You may have noticed that social media is playing a more powerful role this election season than it ever has before. News5 is looking into how the candidates are harnessing social media to connect with voters and the influence it can have on your vote.
Hillary Clinton and Donald Trump have unprecedented reach online this election season. They've moved past TV attack ads to buying hashtags. We went local experts for their take on how what's trending online can influence your political opinions, even your vote.
If you're online, you've seen it. The Twitter battles, the Facebook memes and the Snapchat trolling. Both candidates are doing it, but with very different strategies.
"Hillary follows a more traditional politician role," said Laura Eurich, a senior instructor for the UCCS Communication Department. "It seems like her information is vetted more, less off the cuff. I think that's what people are looking for from Donald Trump right now, is that uncensored, in the moment communication that he's putting out there on social media."
Donald Trump has 10.8 million Twitter followers and 10.2 million Facebook likes. "I do think that people are watching for the spectacle of it," Eurich said. "I don't know if that 10.2 million followers that he has translates to voters and supporters."
Hillary Clinton has less of a following with 8.2 million on Twitter and 5.4 million likes on her Facebook pages. The difference could lie in that Trump re-tweets his followers and links to outside articles more often, while Clinton and Libertarian candidate Gary Johnson most often link to their own campaign websites.
Trump is also consistently mentioned more often. The mentions are not always positive, but according to his own Tweet, Trump believes all press is good press. UCCS Professor of Political Science, Josh Dunn, doesn't agree.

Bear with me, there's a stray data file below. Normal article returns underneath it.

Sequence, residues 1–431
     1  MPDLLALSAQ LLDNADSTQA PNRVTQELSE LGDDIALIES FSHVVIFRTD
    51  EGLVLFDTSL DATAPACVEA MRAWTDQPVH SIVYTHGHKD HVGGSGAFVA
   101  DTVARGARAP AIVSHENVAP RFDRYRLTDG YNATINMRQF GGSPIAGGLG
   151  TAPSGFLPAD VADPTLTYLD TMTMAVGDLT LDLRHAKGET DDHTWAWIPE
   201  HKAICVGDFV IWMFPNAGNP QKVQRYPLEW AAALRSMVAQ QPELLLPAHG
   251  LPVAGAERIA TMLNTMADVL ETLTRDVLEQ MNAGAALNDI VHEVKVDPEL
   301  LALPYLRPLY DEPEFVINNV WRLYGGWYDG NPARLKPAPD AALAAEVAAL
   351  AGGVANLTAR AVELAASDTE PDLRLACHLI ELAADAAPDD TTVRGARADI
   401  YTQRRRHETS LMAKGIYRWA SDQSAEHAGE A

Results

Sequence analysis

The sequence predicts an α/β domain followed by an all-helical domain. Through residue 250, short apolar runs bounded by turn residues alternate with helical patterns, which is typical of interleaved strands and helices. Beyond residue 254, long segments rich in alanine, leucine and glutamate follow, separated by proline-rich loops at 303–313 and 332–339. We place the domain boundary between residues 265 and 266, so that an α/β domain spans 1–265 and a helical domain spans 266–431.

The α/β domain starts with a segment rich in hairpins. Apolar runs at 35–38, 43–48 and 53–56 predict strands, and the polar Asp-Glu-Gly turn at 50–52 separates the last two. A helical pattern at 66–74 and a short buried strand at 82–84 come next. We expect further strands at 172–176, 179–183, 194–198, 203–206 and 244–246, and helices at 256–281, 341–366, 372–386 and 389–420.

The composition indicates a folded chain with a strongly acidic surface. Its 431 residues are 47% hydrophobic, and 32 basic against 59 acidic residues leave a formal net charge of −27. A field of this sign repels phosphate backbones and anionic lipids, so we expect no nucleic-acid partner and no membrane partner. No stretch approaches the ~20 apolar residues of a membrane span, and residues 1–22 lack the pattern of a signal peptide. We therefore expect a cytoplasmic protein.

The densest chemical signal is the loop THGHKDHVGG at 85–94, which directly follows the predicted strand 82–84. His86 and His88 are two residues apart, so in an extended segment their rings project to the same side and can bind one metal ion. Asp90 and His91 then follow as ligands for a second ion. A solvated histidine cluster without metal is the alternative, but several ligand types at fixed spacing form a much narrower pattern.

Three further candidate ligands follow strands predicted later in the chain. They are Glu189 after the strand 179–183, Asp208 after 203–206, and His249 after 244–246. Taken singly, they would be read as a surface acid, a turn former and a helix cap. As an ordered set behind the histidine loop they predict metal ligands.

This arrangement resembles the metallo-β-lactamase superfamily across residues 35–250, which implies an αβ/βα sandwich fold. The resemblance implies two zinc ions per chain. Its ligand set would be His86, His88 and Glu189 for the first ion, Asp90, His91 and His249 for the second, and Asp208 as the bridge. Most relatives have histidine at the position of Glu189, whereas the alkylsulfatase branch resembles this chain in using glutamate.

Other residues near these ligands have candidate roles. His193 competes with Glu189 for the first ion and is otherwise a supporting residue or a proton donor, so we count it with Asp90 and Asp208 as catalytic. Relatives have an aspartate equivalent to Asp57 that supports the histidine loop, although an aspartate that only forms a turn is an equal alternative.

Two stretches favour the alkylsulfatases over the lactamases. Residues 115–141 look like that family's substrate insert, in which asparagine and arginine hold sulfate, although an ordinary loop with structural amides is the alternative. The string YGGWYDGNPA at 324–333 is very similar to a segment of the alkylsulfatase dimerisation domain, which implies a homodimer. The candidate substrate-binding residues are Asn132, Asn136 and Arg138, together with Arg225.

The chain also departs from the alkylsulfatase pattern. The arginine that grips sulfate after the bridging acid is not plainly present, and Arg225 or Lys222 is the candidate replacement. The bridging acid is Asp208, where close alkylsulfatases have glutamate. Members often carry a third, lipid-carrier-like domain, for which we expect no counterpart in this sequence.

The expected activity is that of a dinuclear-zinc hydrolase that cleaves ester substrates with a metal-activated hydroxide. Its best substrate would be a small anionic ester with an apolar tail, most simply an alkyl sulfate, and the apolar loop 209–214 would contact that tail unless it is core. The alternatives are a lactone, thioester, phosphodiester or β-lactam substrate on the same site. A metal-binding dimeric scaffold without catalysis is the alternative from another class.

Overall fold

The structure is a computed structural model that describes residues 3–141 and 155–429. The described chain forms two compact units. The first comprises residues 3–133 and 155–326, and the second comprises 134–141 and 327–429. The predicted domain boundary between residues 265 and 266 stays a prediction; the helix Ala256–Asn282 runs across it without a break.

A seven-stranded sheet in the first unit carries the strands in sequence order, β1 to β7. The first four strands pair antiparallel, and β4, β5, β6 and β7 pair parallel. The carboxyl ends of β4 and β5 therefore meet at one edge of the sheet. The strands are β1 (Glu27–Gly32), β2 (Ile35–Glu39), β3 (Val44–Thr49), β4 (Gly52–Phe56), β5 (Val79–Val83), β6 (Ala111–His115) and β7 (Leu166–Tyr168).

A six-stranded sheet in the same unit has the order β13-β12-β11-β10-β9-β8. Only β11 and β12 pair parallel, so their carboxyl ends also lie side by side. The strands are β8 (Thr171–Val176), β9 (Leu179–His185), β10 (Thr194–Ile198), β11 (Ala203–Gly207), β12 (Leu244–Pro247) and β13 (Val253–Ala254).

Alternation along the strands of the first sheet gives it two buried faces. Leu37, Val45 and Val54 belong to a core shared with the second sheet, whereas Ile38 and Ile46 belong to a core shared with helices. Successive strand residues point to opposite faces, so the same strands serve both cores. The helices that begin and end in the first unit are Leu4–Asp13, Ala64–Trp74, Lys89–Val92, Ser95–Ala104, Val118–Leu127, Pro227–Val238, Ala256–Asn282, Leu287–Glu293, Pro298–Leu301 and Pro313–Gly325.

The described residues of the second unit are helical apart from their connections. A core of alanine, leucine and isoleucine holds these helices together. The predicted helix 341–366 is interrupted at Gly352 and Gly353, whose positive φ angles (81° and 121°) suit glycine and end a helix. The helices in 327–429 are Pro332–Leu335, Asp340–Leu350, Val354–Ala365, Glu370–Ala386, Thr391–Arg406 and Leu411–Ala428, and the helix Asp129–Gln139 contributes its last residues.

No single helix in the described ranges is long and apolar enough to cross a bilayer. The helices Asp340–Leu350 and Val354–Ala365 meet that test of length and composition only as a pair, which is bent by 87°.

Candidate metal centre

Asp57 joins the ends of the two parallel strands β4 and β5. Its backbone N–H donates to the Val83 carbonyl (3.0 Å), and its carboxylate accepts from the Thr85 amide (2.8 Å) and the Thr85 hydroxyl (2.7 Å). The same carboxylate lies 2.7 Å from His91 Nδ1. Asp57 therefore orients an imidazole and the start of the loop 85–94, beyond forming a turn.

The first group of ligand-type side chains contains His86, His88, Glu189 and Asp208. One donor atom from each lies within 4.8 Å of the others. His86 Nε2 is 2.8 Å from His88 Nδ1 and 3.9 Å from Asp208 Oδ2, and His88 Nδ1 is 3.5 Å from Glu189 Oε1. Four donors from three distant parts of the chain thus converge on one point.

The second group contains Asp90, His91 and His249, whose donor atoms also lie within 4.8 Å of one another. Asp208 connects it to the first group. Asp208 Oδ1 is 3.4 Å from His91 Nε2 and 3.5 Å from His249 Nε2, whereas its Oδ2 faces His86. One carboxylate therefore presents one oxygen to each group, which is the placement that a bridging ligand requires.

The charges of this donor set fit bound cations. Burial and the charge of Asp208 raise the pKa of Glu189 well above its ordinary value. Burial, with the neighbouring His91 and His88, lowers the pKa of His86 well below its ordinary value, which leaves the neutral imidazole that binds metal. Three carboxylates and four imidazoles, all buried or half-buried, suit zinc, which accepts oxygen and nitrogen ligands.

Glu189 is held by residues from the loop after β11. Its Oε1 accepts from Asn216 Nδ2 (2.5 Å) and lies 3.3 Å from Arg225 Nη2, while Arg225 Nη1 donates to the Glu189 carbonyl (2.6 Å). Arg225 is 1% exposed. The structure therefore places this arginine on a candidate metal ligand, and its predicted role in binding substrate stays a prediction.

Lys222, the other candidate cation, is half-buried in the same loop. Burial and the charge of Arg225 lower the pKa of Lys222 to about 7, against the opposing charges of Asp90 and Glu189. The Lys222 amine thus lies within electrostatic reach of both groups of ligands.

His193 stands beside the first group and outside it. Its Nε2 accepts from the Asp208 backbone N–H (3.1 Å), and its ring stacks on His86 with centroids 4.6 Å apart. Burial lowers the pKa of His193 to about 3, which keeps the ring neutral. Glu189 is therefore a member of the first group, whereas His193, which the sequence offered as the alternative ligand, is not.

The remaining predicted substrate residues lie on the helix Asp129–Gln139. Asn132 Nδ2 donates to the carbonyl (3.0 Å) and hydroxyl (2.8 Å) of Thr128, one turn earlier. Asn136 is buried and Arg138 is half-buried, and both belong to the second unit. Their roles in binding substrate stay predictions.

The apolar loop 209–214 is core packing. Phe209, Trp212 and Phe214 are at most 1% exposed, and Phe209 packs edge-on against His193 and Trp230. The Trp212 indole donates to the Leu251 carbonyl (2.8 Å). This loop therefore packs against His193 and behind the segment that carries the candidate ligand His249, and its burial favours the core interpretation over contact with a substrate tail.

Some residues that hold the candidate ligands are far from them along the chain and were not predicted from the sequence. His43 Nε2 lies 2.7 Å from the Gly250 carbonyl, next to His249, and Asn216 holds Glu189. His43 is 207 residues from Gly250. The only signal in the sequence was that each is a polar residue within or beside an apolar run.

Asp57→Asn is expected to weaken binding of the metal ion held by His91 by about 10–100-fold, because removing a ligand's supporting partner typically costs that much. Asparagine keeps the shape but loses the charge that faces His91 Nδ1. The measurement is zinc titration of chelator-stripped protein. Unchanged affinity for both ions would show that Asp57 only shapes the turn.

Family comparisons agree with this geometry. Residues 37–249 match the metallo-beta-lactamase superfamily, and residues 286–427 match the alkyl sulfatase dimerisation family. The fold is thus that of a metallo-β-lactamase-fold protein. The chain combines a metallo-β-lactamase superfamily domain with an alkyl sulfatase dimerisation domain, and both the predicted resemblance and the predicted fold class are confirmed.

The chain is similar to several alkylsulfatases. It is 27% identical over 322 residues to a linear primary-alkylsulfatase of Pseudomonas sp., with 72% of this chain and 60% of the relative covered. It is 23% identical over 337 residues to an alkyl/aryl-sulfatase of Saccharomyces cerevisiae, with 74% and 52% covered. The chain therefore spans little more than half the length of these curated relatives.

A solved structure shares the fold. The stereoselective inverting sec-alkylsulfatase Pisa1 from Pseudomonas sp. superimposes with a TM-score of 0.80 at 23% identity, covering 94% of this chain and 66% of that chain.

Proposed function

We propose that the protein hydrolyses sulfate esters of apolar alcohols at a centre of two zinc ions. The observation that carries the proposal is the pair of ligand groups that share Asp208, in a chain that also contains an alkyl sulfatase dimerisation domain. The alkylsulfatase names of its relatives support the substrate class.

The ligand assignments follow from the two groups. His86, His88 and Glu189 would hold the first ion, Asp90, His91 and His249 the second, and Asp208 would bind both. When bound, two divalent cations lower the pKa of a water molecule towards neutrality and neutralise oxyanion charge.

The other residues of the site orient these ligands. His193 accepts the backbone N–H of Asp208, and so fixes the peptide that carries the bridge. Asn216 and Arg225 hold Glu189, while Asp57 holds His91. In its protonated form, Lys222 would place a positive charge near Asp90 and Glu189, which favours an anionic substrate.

"Negative campaigning works," Dunn said. "It works by keeping your opponents voters home. So you have to think there's something similar with bad publicity."
According to a study by the Pew Research Center, nearly two-thirds of 18-29 year olds say social media is the most helpful source for learning about politics. Our experts differ on what that means for sorting facts from fiction.
"There's a lot of people who believe everything, share everything," Eurich said. "Then it sort of builds up and more people start to believe it."
"Of course there's going to be a lot of egregiously false things said on social media," said Dunn. "But the advantage of it is there can be a very quick and instant check on that. Someone else sees it and says, oh this is nonsense."
The candidates have realized social media is their direct pipeline to voters. "It probably won't be as effective as face to face contact, but it might be the next best thing," Dunn said.
While we're comparing social media followings, it's worth mentioning fake followers are hard to count. It seems about seven to eight percent, or a couple million Clinton and Trump followers are fake. Also, Trump came into the election last summer with about three million followers as a real estate mogul and reality TV star.
This election season Facebook has more than 1.7 billion active users, that's a 60 percent increase over the last election year. The number of Twitter users has increased by about 200 million since 2012.